Jonah Lomu leaves hospital after kidney failure

All Blacks great Jonah Lomu is pictured before a Italy vs New Zealand match in Milan, on November 14, 2009. Lomu has been discharged from hospital, 16 days after being admitted with kidney failure, a health official said Wednesday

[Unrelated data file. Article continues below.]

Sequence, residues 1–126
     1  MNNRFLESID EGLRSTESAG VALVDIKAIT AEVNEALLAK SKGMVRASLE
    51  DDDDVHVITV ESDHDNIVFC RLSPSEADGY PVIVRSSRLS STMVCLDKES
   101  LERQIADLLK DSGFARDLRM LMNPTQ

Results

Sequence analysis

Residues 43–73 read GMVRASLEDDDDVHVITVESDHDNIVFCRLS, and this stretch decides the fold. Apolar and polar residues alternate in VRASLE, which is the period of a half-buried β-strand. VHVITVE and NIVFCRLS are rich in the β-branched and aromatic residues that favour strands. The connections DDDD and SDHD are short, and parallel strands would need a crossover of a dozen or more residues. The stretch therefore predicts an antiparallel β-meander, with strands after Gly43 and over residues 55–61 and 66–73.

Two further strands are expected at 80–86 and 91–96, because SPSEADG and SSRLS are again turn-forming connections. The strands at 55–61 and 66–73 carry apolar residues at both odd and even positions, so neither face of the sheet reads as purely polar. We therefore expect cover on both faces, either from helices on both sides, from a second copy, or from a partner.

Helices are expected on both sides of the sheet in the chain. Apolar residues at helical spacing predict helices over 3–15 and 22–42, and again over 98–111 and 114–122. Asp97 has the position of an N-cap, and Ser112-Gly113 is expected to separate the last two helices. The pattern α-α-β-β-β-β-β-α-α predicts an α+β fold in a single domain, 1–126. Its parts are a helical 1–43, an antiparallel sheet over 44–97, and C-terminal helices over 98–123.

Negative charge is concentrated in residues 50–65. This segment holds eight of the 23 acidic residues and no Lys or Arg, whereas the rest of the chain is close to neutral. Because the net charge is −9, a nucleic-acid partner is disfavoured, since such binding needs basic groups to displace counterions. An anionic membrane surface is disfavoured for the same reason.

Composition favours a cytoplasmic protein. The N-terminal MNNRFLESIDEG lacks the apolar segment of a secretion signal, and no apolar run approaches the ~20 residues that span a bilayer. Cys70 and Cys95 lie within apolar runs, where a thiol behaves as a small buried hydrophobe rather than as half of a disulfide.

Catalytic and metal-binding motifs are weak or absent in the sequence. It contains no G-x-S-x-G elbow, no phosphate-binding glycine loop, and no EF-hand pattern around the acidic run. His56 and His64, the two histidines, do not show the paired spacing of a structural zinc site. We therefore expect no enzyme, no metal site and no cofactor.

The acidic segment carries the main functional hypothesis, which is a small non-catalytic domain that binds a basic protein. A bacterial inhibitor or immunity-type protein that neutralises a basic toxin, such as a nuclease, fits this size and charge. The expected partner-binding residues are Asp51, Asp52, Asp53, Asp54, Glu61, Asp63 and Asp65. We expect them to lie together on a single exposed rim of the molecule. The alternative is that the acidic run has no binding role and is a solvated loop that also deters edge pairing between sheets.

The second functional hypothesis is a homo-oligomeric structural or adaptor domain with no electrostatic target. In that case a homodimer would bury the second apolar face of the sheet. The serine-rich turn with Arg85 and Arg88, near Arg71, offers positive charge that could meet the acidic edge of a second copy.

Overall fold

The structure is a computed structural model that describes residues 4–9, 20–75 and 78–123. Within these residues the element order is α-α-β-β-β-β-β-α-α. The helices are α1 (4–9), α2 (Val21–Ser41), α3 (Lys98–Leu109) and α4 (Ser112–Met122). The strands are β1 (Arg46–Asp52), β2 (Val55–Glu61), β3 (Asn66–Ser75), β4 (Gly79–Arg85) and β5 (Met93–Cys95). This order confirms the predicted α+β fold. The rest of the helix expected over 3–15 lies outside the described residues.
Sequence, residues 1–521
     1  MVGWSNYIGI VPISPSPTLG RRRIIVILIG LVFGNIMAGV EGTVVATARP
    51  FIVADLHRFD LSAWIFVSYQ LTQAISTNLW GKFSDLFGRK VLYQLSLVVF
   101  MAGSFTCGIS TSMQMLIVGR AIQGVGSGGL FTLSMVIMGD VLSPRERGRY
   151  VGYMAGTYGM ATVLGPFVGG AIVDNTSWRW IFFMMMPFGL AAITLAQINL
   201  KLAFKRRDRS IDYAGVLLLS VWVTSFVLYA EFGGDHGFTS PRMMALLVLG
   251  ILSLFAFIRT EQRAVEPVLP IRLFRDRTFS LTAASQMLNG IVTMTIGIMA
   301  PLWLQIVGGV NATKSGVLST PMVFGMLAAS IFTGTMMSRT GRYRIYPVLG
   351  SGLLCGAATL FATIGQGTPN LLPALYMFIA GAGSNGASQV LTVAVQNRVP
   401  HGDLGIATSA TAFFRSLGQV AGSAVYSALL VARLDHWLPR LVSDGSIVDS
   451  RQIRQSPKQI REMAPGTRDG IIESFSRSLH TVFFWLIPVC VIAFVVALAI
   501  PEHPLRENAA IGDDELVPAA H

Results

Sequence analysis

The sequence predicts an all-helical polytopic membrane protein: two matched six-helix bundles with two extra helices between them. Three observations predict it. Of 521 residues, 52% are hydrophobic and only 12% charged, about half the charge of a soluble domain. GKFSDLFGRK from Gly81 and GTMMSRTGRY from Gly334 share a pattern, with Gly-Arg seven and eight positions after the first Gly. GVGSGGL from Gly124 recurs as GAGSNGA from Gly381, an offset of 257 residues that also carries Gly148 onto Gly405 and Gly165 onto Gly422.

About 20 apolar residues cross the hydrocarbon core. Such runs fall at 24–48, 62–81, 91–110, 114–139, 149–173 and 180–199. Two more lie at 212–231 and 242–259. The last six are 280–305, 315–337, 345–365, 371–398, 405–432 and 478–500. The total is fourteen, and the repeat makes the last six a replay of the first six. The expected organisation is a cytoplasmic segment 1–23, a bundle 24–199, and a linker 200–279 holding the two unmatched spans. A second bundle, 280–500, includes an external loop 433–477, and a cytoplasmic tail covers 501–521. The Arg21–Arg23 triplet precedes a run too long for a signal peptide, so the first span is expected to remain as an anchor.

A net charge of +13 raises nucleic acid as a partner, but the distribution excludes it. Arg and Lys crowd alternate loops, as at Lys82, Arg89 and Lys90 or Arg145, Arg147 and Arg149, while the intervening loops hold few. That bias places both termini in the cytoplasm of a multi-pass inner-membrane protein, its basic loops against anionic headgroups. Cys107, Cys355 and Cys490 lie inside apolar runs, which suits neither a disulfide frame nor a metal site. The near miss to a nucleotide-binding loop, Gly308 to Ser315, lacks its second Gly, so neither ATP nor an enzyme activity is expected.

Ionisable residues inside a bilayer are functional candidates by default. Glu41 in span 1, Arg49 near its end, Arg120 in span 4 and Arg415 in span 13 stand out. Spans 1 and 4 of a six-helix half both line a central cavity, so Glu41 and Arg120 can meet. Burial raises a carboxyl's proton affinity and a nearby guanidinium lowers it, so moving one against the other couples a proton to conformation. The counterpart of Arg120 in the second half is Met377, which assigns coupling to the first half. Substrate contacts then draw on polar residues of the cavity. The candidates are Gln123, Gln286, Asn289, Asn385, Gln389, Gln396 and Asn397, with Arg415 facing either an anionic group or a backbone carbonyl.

All Blacks great Jonah Lomu has been discharged from hospital, 16 days after being admitted with kidney failure, a health official said Wednesday. "I can confirm that Jonah Lomu was discharged on Monday afternoon, but that's all," Auckland District Health Board spokesman Matt Rogers told AFP. "The family hasn't given us authorisation to comment on what comes now," he said. Lomu was being treated with daily dialysis as doctors at Auckland Hospital's renal unit tried to to repair the kidney that was donated to him by friend and New Zealand radio broadcaster Grant Kereama. Days after featuring in the Rugby World Cup opening ceremony on September 9, Lomu was rushed to hospital after it "all went pear-shaped", leaving him hot, cold and shivering. "I crashed," he told the New Zealand Women's Weekly magazine. "My kidney was failing and my body had become so toxic it started to shut down," the 36-year-old added. Lomu was diagnosed in 1995 with the rare kidney disorder nephrotic syndrome, and underwent a transplant in 2004, receiving the organ donated by Kereama. Dr Stephen Munn, the clinical director of the district health board's abdominal transplant unit, said that a kidney transplant could fail if there was chronic rejection of the new organ, disease recurrence, or if the patient was not taking their medication. "People can keep going on dialysis for many years, it depends on their age and condition, but survival is better with a functioning transplant," he told AFP. He said there were 600 patients waiting for kidney transplants in New Zealand with an average waiting time of three years. However, Dr Munn said that patients could be denied another transplant if there were other health complications such as heart disease. Lomu, regarded as rugby union's first global superstar, has been based in France in recent times but returned to New Zealand for the World Cup. The former wing rose to prominence with his devastating performances in the 1995 World Cup and also played a major part in New Zealand's 1999 campaign. He still holds the record for most tries at the World Cup, with 15 in total. However his illness eventually cut short his playing career, leaving him with a record of 37 tries in 63 Tests for New Zealand.

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